The utx.active database (/var/run/utx.active) maintains a list of currently logged-in users; it needs to be updated when a user logs in or out. This file is world-readable (which allows "who" to list logged-in users without requiring suid root).
Since updating the file requires locking it, and this is done via open with O_EXLOCK, it is possible for a user to indefinitely postpone updates to the file by locking the file themselves. Program below can be used to do this (does not require root privileges). While this program is running it will be impossible for any other user (including root) to log in to the system.
The problematic locking code is in pututxline.c, function futx_open(), here:
The example program is as follows:
--- begin ---
int main(int argc, char **argv)
open("/var/run/utx.active", O_EXLOCK | O_RDONLY);
--- end ---
This program runs for 100 seconds during which no other logins will be possible (and logouts will also stall).
In terms of solution, I would recommend either:
(a) making the file not world-readable and making "who" and any other relevant programs setgid to a group with permission to read the file, or
(b) changing the locking mechanism implemented in pututxline.c, so that it locks a separate file which is not world readable and uses that lock to control access to the utx.active file.
Note that GNU libc has a similar issue, but uses an fcntl-based lock with a timeout of 10 seconds. This means that logins can not be completely disabled by the user, but they can prevent the utmp (equivalent to utx.active) database from being updated. I do not recommend this approach.
(a) sort of breaks the libc getutxent APIs for ordinary users.
Happily, the getutxent APIs do not try to use locking to get a consistent snapshot of the file, so (b) should fix the problem just fine.
Created attachment 199629 [details]
Proposed patch (untested)
CC recent committers (and original author) to lib/libc/gen/pututxline.c who may be able to review attachment 199629 [details] by cem@
Instead of going down this road, what are your thoughts on the following?
- Tossing out the use of O_EXLOCK entirely and leave the file writing as it is now,
- Using a single lock file acquisition in pututxline() to serialise write access all data files in one go.
This likely makes the code a bit simpler/lighter, while also improving the sequential consistency guarantees between the data files.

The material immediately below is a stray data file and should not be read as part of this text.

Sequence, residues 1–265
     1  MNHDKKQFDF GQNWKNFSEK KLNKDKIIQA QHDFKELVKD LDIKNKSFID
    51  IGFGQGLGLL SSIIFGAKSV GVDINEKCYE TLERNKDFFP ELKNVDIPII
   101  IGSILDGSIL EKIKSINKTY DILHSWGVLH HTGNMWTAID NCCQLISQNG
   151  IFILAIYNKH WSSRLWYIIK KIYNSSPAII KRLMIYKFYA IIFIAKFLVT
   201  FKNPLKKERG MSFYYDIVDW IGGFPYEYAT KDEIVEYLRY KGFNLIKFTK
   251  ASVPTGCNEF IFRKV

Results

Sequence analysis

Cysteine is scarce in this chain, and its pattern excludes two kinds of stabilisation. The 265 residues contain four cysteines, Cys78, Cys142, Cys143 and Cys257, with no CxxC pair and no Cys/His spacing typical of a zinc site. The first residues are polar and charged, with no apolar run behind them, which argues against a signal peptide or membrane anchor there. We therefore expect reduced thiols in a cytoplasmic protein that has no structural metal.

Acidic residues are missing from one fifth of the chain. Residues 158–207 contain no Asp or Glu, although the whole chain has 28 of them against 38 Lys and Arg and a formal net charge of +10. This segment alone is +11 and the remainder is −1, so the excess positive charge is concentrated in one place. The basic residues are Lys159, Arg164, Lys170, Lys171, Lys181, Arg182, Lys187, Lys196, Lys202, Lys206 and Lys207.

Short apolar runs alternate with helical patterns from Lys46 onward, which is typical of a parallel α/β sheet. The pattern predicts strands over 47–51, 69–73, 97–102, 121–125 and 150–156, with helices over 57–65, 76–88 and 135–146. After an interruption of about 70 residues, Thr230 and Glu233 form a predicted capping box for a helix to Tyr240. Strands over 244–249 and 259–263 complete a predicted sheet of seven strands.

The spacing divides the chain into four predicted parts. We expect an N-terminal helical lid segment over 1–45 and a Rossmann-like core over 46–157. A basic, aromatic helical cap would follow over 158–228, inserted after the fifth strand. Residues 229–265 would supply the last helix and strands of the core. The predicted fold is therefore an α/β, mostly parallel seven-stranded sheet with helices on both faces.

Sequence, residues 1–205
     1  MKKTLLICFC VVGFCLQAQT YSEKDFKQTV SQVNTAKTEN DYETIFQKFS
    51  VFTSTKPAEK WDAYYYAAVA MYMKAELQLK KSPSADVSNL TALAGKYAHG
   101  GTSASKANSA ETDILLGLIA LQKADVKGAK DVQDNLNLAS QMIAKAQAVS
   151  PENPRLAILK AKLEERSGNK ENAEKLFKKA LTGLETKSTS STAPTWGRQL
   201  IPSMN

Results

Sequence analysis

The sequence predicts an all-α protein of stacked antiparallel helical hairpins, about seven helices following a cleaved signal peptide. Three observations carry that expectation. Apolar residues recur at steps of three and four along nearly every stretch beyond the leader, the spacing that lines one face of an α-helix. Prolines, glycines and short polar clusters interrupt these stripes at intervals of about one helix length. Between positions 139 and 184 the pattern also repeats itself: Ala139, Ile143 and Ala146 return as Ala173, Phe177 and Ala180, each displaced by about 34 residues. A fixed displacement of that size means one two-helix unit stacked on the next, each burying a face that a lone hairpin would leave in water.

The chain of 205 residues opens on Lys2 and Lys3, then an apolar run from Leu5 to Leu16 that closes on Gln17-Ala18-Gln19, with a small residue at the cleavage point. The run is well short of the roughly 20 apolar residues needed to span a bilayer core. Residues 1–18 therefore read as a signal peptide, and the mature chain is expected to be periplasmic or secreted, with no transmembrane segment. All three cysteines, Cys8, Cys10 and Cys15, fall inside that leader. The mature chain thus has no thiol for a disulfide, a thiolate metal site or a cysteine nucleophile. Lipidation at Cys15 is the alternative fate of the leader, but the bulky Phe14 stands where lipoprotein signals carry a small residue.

(In reply to Ed Schouten from comment #4)
Sure, that approach seems unobjectionable to me.
Is there any reason to keep this "service" in a flat file? Would it be acceptable to turn it into a directory with one file per user or even require writes to go through a daemon serializing writes and using atomic updates (rename and fsync a temp file)=
(In reply to crest from comment #6)
Sure, we could! The file format/backend used by this API can now be changed to work any way we want. When I implemented utmpx for FreeBSD, the goal was to first see if we could eliminate any direct access to underlying storage, which has now been realised.
That said, to solve this specific issue, there is no need to do anything that drastic.
(In reply to Ed Schouten from comment #7)
On FreeBSD, we guarantee that reader never see torn writes, assuming writer always write single record using one atomic write(2) syscall, and similarly reader uses single atomic read(2) syscall to get the record.
My guess is that if you get rid of stdio(3) use with its buffers, then you can drop O_EXCLOCK and the issue disappears.
No, that's not the case. The code does more than simply write a record into the file at a certain offset. It also reads entries to determine what the offset is at which the record should be placed.
It's insufficient to replace this code by something that doesn't use file locking. There may be race conditions in which you end up overwriting recently created login session entries.